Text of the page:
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Crookes, Sir William (1832-1919)

Identity Statement

Reference code(s): GB 0116 William Crookes Collection
Held at: Royal Institution of Great Britain
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Full title: Crookes, Sir William (1832-1919)
Date(s): 1881-1978
Level of description: Collection (fonds)
Extent: 1.45 metres
Name of creator(s): Crookes, Sir William, 1832-1919. Knight. Chemist.


Administrative/Biographical history:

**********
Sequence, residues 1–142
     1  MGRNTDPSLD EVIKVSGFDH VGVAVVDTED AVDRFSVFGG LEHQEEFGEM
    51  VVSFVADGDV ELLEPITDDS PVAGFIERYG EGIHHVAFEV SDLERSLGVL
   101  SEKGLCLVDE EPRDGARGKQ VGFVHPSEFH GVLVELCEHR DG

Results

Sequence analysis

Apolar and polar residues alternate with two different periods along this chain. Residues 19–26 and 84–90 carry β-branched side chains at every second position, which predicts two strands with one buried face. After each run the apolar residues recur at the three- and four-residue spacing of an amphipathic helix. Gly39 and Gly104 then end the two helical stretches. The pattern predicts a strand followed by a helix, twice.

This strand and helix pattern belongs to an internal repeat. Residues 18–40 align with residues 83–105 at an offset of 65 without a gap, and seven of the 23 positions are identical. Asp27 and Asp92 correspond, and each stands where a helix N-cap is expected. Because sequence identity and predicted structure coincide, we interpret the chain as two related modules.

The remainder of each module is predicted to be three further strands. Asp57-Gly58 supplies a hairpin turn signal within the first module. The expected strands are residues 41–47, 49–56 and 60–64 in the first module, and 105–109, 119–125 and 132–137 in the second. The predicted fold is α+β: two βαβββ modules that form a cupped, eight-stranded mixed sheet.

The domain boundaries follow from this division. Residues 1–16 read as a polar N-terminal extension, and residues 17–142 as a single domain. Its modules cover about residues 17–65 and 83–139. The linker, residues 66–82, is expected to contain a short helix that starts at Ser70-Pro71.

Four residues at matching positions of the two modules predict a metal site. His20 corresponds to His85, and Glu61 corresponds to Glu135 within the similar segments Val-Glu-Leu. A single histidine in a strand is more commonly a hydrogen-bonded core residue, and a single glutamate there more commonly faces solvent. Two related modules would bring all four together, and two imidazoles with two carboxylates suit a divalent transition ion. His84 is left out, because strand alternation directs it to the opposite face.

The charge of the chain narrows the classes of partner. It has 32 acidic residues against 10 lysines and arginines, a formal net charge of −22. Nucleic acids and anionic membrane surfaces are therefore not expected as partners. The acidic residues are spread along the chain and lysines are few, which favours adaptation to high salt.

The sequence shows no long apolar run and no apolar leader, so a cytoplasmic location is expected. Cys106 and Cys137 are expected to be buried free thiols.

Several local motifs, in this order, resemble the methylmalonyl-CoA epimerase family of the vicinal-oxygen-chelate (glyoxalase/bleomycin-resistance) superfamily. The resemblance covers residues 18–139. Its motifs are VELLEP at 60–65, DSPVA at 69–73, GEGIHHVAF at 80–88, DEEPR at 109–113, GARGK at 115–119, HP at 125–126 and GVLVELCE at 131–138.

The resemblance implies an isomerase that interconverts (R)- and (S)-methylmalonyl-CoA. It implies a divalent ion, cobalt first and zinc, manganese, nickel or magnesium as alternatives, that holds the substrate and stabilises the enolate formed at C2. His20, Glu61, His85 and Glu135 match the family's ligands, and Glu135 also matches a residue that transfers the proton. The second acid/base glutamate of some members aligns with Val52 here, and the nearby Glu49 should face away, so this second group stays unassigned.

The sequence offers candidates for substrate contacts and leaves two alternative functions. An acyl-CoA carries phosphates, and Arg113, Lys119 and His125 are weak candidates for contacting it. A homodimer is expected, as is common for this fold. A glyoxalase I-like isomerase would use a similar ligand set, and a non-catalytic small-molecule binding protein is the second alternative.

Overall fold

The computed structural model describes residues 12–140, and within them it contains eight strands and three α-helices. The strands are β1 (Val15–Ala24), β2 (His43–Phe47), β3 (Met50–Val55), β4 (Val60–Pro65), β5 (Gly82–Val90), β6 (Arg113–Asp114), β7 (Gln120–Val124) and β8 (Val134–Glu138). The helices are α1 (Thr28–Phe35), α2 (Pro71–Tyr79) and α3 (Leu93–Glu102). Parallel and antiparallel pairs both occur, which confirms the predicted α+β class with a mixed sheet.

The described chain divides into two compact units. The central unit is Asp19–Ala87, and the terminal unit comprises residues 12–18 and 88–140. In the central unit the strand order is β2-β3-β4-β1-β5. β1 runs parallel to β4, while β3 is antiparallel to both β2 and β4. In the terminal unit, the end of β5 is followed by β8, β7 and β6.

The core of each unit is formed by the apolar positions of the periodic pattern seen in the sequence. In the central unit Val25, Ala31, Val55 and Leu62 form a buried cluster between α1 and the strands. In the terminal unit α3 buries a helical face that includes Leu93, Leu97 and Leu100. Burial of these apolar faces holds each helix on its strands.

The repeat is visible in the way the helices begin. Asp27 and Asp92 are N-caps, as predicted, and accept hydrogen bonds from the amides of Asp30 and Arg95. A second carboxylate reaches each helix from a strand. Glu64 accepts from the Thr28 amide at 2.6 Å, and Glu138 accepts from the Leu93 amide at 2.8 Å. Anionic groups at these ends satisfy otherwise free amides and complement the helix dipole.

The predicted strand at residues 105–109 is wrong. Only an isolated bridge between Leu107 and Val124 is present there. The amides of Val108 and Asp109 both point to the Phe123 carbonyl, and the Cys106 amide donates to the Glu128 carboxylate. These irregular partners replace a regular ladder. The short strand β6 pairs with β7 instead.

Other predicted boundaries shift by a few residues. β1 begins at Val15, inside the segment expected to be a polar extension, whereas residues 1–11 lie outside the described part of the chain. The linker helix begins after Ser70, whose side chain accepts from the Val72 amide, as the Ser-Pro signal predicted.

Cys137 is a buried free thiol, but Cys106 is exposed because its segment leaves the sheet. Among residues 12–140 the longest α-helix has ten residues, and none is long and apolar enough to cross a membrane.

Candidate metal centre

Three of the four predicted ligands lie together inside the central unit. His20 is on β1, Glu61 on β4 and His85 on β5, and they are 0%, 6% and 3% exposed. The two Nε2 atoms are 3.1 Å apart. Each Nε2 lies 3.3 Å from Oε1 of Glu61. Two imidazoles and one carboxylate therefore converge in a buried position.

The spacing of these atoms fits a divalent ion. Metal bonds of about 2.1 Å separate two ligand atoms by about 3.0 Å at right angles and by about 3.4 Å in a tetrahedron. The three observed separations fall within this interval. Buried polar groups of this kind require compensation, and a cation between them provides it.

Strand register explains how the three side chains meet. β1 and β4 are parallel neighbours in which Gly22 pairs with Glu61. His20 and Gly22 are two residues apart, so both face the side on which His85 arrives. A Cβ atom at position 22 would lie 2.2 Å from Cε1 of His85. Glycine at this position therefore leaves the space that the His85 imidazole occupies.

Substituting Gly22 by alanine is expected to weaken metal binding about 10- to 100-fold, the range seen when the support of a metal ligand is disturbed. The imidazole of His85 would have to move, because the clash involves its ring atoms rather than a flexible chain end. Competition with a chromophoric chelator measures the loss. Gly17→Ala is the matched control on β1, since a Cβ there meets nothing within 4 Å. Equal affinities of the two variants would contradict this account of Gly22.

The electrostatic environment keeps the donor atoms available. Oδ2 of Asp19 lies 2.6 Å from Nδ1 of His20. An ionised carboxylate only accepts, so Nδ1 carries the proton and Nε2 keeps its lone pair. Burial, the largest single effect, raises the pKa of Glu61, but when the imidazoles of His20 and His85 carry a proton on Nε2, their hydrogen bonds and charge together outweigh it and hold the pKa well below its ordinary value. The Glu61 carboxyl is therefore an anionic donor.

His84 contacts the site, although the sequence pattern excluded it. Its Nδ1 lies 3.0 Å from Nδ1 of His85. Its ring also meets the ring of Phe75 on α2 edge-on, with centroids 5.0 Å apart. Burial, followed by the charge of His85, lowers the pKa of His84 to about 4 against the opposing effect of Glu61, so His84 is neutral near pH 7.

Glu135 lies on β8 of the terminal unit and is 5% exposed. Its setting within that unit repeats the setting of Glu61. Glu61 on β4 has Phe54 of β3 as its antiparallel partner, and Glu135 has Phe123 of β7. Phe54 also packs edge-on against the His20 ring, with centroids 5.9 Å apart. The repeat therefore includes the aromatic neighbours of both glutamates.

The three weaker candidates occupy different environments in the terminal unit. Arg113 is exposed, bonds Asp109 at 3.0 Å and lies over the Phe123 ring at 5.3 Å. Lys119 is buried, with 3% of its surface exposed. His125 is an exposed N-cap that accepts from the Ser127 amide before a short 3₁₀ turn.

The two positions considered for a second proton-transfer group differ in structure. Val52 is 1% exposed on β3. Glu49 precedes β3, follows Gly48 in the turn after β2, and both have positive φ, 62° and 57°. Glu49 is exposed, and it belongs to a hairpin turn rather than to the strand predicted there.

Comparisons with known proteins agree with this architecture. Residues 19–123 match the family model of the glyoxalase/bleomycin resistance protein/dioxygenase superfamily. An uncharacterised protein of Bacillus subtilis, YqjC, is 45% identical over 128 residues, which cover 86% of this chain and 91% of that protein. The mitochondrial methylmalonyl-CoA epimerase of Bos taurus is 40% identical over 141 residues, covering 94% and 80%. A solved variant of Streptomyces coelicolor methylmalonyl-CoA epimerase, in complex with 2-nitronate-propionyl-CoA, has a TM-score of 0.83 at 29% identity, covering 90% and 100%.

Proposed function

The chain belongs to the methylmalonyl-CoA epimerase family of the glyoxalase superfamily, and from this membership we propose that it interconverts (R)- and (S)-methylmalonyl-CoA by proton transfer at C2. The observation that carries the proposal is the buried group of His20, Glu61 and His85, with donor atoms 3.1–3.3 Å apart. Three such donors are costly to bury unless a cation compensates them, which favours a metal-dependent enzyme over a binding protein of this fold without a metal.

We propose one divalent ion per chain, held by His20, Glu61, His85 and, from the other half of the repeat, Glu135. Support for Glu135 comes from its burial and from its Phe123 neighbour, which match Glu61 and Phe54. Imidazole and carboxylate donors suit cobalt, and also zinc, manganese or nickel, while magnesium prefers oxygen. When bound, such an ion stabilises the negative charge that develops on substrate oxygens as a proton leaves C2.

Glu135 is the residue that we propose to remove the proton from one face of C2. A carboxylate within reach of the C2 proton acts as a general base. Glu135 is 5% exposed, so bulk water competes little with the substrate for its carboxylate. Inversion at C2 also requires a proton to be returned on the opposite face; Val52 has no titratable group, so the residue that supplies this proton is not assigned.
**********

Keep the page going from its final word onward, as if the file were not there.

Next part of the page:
William Crookes was born the son of Joseph Crookes, tailor, and Mary Scott in London, in 1832. His education was irregular but eventually he attended A W Hofmann's Royal College of Chemistry in London in 1848. In 1850 he became Hofmann's assistant until 1854. He attended lectures at the Royal Institution of Great Britain (RI) given by Michael Faraday (1791-1867). In 1854 he was Superintendent of the Meteorological Department of the Radcliffe Astronomical Observatory in Oxford. In 1854 he worked with John Spiller on the collodion process of photography and improved it. In 1855 he taught chemistry at the College of Science in Chester. In 1856, he researched into photography and compiled a Handbook to the Waxed-Paper Process in Photography (Chapman and Hall, 1857). He also undertook the editorship of the Liverpool Photographic Journal in 1856, and in 1857 he became Secretary of the London Photographic Society, a position he held until 1858. He was also the editor and proprietor of the weekly Chemical News journal from 1859. In 1856 he married Ellen Humphrey and they subsequently had ten children. Crookes researched into spectra and in 1861 he discovered a new element which he called thallium. In 1863 he was elected Fellow of the Royal Society (RS). In 1865 he discovered the process of extracting precious metals from ores, however it had already been discovered in America and Crookes had to negotiate half rights over patents for using sodium amalgam, only to be superseded by the discovery of potassium cyanide as the best solvent of gold. From 1867 he became interested in spiritualism, which affected his views on science. By 1870 he decided to investigate spiritualism as a scientist and prove the existence of psychic force, an investigation which caused him to lose some respect as a scientist. Despite this, he developed the technique of determining the atomic weight of thallium. In 1873 he wrote the paper `Attraction and Repulsion resulting from Radiation' published in Philosophical Transactions of the Royal Society; this resulted in his invention of the radiometer in 1875. In 1876 he researched into radiant matter and found that molecular pressure was the result of radiant matter being affected by magnets. In the 1880s he worked on incandescent lamps for electricity. He became Director of the Electric Light and Power Company in 1881 and patented his designs on incandescent lamps, however he sold these as newer and better designs developed. In c1891 he became Director and later Chairman of the Notting Hill Electric Light Company which prospered in its time. In 1890 he was elected President of the Institution of Electrical Engineers. In 1897 he was elected President of the Society for Psychical Research and in the same year he was knighted. He gave lectures on making diamonds at the RI in 1897 and became its Honorary Secretary in 1900 a position he held until 1912. In 1908 he was elected Foreign Secretary of the RS until 1913 when he was elected President of the RS, a position he held until 1915. He published papers in journals such as Philosophical Transactions of the Royal Society, as well as Proceedings of the Royal Society and in Chemical News. He died in 1919.